Testing Power & Privilege

There were some developments over the weekend in the NYT racism story. Noted African-American right-winger Candice O. posted exactly the same language that was used against "white people," except she swapped in "Jewish." Now according to the prevailing neo-Marxist "only the powerful can have racism" theory an African-American woman should be able to say whatever she wants without it being racist, as her group memberships mean that she is not privileged nor powerful. But she was suspended immediately, due to what Twitter in embarrassment later proclaimed was an 'error.'

Meanwhile, someone drew an interesting comparison between the cases of this writer and Papa John. Again, according to the prevailing theory, Papa John should have been too privileged to be held accountable: he was white, male, and extremely rich. Yet he was purged ruthlessly by his own company for mentioning a racial slur; she was promoted in spite of (or, a friend of mine mentioned privately, because of) hers. Who really has privilege here?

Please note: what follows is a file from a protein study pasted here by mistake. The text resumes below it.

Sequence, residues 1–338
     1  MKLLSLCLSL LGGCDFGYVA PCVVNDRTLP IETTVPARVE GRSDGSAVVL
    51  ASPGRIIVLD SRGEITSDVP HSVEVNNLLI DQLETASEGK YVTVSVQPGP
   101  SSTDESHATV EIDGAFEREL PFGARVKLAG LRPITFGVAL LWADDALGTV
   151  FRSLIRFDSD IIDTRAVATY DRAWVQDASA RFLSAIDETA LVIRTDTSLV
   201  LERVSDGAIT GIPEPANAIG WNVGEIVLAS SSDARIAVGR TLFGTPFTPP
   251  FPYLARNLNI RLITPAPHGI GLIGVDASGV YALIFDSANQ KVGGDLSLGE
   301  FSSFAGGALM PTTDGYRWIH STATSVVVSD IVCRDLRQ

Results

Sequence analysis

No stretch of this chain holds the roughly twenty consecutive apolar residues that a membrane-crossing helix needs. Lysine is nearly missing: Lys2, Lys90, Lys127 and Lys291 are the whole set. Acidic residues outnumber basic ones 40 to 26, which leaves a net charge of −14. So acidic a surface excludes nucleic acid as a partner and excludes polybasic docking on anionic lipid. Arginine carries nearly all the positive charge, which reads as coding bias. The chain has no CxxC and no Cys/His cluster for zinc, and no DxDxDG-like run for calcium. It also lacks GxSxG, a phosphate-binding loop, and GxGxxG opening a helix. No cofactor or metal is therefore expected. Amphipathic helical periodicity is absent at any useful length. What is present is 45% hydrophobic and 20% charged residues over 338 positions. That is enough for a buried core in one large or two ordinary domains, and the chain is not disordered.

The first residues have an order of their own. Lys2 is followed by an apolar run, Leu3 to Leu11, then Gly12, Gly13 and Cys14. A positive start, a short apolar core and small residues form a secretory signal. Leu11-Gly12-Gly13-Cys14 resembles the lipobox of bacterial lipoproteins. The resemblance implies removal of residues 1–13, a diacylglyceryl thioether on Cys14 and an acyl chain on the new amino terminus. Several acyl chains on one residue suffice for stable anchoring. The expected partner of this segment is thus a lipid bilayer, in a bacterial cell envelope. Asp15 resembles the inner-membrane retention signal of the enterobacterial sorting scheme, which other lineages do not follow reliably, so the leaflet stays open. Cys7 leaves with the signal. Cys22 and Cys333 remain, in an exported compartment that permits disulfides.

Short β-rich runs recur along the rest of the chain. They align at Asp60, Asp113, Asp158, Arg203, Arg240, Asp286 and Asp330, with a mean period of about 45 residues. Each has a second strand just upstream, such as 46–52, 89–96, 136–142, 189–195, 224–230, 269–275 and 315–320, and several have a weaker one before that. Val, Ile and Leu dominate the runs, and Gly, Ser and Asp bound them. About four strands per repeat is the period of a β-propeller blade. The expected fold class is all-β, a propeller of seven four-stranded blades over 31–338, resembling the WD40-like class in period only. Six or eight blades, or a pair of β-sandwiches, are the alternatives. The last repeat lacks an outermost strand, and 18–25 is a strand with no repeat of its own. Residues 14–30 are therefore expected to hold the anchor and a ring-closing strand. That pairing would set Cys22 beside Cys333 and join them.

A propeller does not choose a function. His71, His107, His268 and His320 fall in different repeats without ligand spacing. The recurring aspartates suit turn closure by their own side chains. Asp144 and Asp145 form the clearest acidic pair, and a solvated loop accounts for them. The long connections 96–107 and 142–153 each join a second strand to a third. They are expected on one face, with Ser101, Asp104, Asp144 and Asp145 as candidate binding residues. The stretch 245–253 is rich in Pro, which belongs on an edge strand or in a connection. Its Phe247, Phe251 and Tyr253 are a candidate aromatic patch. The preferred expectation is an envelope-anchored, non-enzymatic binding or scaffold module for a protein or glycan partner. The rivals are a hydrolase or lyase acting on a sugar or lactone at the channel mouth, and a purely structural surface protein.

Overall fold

Iowahawk has a suggestion for evaluating these cases.


Texan99 said...

I'm tired of arguing over whether racism means "make pre-judgments about an individual on the basis of his ethnicity" or "using a powerful social position to denigrate someone from a less powerful ethnic group." Both are bad. If it's really necessary, we can figure out disambiguating names for the two bad practices. ABC for one, XYZ for the other. Then people can stop wasting my time saying "XYZ is super OK, because it doesn't involve ABC," and go back to the position everyone used to acknowledge was a pretty good one, which is that XYZ is bad for one reason and ABC for another, with a certain amount of overlap in the behavior and the source of the evil.

It's particularly confusing and irritating, because racism used to be deplored at least as much because it was a stupid habit of mind that prevented people from seeing each other accurately, as because it tended to result in unfair treatment by powerful people against weaker ones. Then reverse racism was discovered to be a thing, followed by a rapid redefinition to eliminate the "prejudgment without data" part, and to focus entirely on the social justice whining part--all without the tiniest shred of honesty in the re-writing of history of language or thought.

Tom said...

The Critical Theorists and their useful idiots are counting on the confusion caused by redefining terms to gain power. Plus, it allows them to equivocate when they need to defend their ideas.